A popular guide to The Children (Scotland) Act which sets out a new philosophy and framework of integrated child law and services in Scotland was announced today by Scottish Office minister James Douglas-Hamilton.
The guide will set out in easily understandable form the responsibilities, rights, duties and powers the Act contains which place the child at the centre of decision making.
The minister was speaking at the Children in Scotland Conference in Glasgow where he outlined the main features of the Act.
'Sections 1 and 2 set out for the first time in legislation in the UK those responsibilities and corresponding rights which parents will have in relation to their children. Importantly, the emphasis will be on both parents taking an active part in the upbringing of their children.
'It is our belief that this will lead us into a new climate where both parents should have responsibilities and rights, even after separation or divorce. This emphasis on sharing and the needs of the child are reflected in the new residence and contact orders.
'Section 17 introduces the important new concept of local authorities 'looking after' children. I say new, but this concept - and the terminology - is already in use in England. During the passage of the Bill there was some debate over whether this change in terminology would diminish the responsibilities of local authorities towards children.
'I can assure people who harbour such concerns that this is not the case, and in some ways the responsibilities towards children are actually greater. 'Care' has not been lost - it will continue to be something which is given to children by both parents and local authorities - but it will no longer be used in a way to signify rights over a child.
'This minor change in terminology signals a fundamental change in the way we see local authorities assisting children and their families. The old 'care' terminology, while familiar to us all, was nonetheless stigmatising and misunderstood.
'The new terminology is intended to indicate more of a partnership with parents, with the duties to be carried out by a local authority in respect of a child being determined by that individual child's and family's needs. The emphasis is therefore on the needs of the child, not the rights over that child.
'If this sounds like an echo of the changes made in Part I of the Act to give greater emphasis to parental responsibilities rather than rights, it is deliberately so, and is a good example of the Act's integrated approach to child law.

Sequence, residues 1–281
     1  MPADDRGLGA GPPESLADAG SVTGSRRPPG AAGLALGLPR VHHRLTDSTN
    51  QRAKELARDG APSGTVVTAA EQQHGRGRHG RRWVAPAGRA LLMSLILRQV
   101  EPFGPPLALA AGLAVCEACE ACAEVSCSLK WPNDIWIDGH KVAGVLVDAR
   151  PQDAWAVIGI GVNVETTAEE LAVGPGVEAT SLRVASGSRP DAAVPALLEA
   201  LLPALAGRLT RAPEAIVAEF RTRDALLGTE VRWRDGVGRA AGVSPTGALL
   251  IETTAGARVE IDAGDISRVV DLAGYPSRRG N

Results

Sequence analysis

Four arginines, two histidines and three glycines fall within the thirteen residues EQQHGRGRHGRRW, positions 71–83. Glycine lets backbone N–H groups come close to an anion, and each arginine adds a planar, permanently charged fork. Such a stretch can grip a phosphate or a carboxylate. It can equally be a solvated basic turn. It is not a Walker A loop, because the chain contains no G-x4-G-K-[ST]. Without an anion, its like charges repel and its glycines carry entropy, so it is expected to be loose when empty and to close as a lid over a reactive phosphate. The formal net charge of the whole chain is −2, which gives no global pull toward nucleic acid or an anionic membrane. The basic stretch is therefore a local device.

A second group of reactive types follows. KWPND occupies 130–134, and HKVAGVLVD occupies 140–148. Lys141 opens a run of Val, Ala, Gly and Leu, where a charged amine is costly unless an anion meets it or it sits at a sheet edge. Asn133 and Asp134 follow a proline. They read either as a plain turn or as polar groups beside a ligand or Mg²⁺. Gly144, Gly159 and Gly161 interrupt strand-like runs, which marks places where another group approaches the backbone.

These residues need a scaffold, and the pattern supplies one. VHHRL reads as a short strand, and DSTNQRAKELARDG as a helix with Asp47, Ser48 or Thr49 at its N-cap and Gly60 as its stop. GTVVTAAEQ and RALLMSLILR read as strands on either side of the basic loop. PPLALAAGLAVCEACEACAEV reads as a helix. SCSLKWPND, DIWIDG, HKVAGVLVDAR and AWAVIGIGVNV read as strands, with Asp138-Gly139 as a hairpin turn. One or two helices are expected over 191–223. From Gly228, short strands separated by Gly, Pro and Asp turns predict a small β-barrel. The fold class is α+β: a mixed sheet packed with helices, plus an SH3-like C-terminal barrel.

'Section 29 of the Act introduces new aftercare provisions for young people who have been looked after by local authorities. It extends the present duty to assist young people up to and including the age of 17 by one year, and it introduces a new power for local authorities to advise and assist young people up to age 21.
'In addition there is provision in section 30 for local authorities to provide financial assistance towards expenses of education and training up to the age of 21 - and beyond that age to allow the young person to complete his course of education.
'This represents a major enhancement of the existing aftercare provisions and makes the support available to Scottish children far more favourable than anywhere else in the UK. It is always possible to argue that any provision could have been made more generous, but we must be realistic and appreciate what we have been able to achieve.
'In the UK only Scotland places a statutory obligation on local authorities to provide assistance - and of that we should be duly proud. The Act, contains an impressive - some might even say daunting - list of new features which include
- new orders for contact and residence
- local authority service plans
- welfare responsibility for children away from home set clearly on proprietors of establishments
- provision for short-term refuge for children who are at risk of harm
- specific legal procedures laid down for consideration of new evidence and proof hearing which will remove the uncertainty highlighted by the recent South Ayrshire sexual abuse cases
- a range of new orders - child protection orders, exclusion orders and assessment orders - designed to improve the protection of children
- a revised procedure for transfer of parental responsibilities to local authorities
- clarification of the consent of children to a medical examination of treatment
'These are part and parcel of an Act which points to a major change in the provision of services for children and their families and the way we see those services.
'It is for that reason that I can announce here today that we intend publishing a booklet in the near future which will set out, in an easily understandable form, the essential features of the Act, its structure, the themes and principles running through it and the provision for responsibilities, rights, duties and powers which it contains.
'The booklet, which will be of use to both professionals and lay-people, will cover both the concept and services which feature and underpin the Act. I hope that it will prove particularly helpful to the members of the new councils, as they take on their social work responsibilities.'